Two local traditions team up for ‘Monster’ Halloween

Published 6:53 pm Friday, October 27, 2017

Riley Simpson painstakingly spruces up a vampire portrait while, nearby, her daughter Raven crafts cemetery decorations, all in preparation for a magical Halloween evening on East Main Street in Washington.

The Simpsons, along with cohort Jonathan Clayborne, are gearing up for their 11th official season producing Monsters on Main. They’re also working in collaboration with Junius Swain and his traditional Junius’s Haunted Graveyard this year.

That’s a lot of spooks, ghosts and goblins.

“I think we’ll have more action between the two events than ever before,” Clayborne predicted. “We’ll probably draw around 700 people.”

ARTIST AT WORK: Riley Simpson enjoys an afternoon of preparations for Monsters on Main, which is held outside her Washington home. (Kevin Scott Cutler/Daily News)

The festivities kick off at 5 p.m. Tuesday evening, with a bewitching performance by Robin Potts and her haunted violin. The fun continues until around 9 p.m. The night’s hijinks are offered free of charge and everyone is welcome.

“We’re going full throttle,” Riley Simpson said of this year’s event. “We’re going to have Ruth’s House here, and they’ll be accepting donations for face painting, and they’re also doing a 50/50 raffle.”

Monsters on Main was born of the camaraderie between the Simpsons and Clayborne as well as their shared interests.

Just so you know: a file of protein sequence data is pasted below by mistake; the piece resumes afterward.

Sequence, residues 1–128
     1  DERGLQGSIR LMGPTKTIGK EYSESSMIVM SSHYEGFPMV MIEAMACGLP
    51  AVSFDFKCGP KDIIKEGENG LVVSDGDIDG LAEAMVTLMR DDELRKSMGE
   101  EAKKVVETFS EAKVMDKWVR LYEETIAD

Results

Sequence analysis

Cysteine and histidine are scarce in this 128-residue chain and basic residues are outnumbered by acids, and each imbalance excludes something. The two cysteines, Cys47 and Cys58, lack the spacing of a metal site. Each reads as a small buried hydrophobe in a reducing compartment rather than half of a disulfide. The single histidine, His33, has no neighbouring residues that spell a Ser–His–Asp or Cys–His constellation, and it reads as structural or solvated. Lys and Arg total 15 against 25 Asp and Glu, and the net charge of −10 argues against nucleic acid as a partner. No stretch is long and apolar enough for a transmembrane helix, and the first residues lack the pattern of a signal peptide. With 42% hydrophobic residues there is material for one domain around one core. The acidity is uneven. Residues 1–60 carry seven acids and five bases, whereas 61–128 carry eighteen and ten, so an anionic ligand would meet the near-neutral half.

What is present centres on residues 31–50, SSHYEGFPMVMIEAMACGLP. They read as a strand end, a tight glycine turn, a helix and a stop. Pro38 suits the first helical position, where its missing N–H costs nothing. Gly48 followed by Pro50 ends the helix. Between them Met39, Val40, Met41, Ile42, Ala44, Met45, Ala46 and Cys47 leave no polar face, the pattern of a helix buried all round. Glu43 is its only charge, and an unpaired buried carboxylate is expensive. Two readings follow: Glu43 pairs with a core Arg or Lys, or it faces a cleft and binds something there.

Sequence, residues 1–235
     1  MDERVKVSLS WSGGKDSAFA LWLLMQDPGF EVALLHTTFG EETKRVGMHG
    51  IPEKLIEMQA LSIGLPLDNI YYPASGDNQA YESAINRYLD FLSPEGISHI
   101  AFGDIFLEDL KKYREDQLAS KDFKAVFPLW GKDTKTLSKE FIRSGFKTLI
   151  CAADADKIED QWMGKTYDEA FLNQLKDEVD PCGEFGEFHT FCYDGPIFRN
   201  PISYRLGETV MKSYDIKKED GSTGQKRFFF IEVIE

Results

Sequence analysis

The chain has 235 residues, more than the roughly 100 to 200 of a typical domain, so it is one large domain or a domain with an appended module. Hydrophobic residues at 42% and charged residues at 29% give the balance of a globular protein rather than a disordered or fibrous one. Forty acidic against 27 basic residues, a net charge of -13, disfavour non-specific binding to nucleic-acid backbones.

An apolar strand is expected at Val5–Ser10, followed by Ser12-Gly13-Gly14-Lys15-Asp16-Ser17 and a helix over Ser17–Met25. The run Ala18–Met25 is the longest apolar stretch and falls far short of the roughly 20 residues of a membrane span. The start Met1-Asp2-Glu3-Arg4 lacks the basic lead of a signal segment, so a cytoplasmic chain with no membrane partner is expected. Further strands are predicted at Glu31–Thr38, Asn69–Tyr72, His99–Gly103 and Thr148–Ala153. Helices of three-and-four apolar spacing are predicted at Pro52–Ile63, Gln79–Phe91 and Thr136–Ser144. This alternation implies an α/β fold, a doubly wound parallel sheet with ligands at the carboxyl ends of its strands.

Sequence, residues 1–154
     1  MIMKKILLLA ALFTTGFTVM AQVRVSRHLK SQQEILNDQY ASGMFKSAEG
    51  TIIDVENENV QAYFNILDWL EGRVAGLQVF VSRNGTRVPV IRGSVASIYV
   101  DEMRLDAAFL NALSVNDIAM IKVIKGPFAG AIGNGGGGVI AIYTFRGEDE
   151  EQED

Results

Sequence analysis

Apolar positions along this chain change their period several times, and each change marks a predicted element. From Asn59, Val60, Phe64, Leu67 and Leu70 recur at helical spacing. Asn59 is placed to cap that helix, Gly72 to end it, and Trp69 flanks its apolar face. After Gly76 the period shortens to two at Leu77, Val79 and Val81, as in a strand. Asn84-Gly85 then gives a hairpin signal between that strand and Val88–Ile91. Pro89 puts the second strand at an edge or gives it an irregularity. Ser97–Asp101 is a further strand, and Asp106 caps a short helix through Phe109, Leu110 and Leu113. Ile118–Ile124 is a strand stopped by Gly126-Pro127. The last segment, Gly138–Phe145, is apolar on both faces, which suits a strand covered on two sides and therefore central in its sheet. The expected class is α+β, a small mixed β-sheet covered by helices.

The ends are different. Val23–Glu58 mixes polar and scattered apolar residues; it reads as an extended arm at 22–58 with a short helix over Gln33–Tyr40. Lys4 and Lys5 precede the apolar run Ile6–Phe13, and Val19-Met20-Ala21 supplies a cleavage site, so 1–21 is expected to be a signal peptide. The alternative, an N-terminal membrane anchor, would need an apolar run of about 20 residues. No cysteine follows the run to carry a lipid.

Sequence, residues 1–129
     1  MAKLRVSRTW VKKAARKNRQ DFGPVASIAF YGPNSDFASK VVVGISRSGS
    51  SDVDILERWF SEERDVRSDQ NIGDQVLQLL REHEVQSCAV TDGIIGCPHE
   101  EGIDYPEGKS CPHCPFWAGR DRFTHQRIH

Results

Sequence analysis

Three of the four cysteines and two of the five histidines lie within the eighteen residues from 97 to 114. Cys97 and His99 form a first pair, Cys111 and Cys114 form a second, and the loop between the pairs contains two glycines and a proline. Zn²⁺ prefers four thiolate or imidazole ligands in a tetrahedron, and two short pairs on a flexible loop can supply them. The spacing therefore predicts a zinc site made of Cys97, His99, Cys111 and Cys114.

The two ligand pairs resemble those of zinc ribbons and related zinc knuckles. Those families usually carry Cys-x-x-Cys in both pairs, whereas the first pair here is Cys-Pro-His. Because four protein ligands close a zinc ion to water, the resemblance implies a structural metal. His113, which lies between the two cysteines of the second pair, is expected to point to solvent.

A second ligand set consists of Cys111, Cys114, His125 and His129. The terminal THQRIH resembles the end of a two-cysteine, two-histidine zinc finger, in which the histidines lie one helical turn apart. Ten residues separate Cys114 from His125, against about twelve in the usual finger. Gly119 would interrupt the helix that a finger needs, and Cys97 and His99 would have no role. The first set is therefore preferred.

“We love theater and we love Halloween, so we thought this would be the perfect marriage … and also, no one would let us into their home to do a haunted house,” Riley Simpson said with a laugh.

As for Swain, he’s been entertaining Halloween celebrants since 1989. Like the Monsters on Main folks, he distributes candy to the young trick-or-treaters while doing his best to frighten their elders with old-fashioned hauntings.

“It all just clicks together in some sick way,” said Swain, who has been collecting props for decades.

According to Riley Simpson, it’s usually the adults who can’t handle the more realistic aspects of Halloween night on East Main.

“The children are bold, fearless,” she noted. “It’s the adults who get freaked out!”

As the saying goes, it’s the early bird who gets the worm and the same thing holds true for candy connoisseurs Halloween night. Don’t wait too late, advised Raven Simpson.

“Sometimes we run out of candy,” she said. “One year I gave out potato chips and apples, and I was this close to passing out nail polish.”

A WASHINGTON HALLOWEEN: The most festive place to observe Halloween in Washington is East Main Street, where Monsters on Main and Junius’s Haunted Graveyard are teaming up to provide thrills and chills the evening of Oct. 31. (Kevin Scott Cutler/Daily News)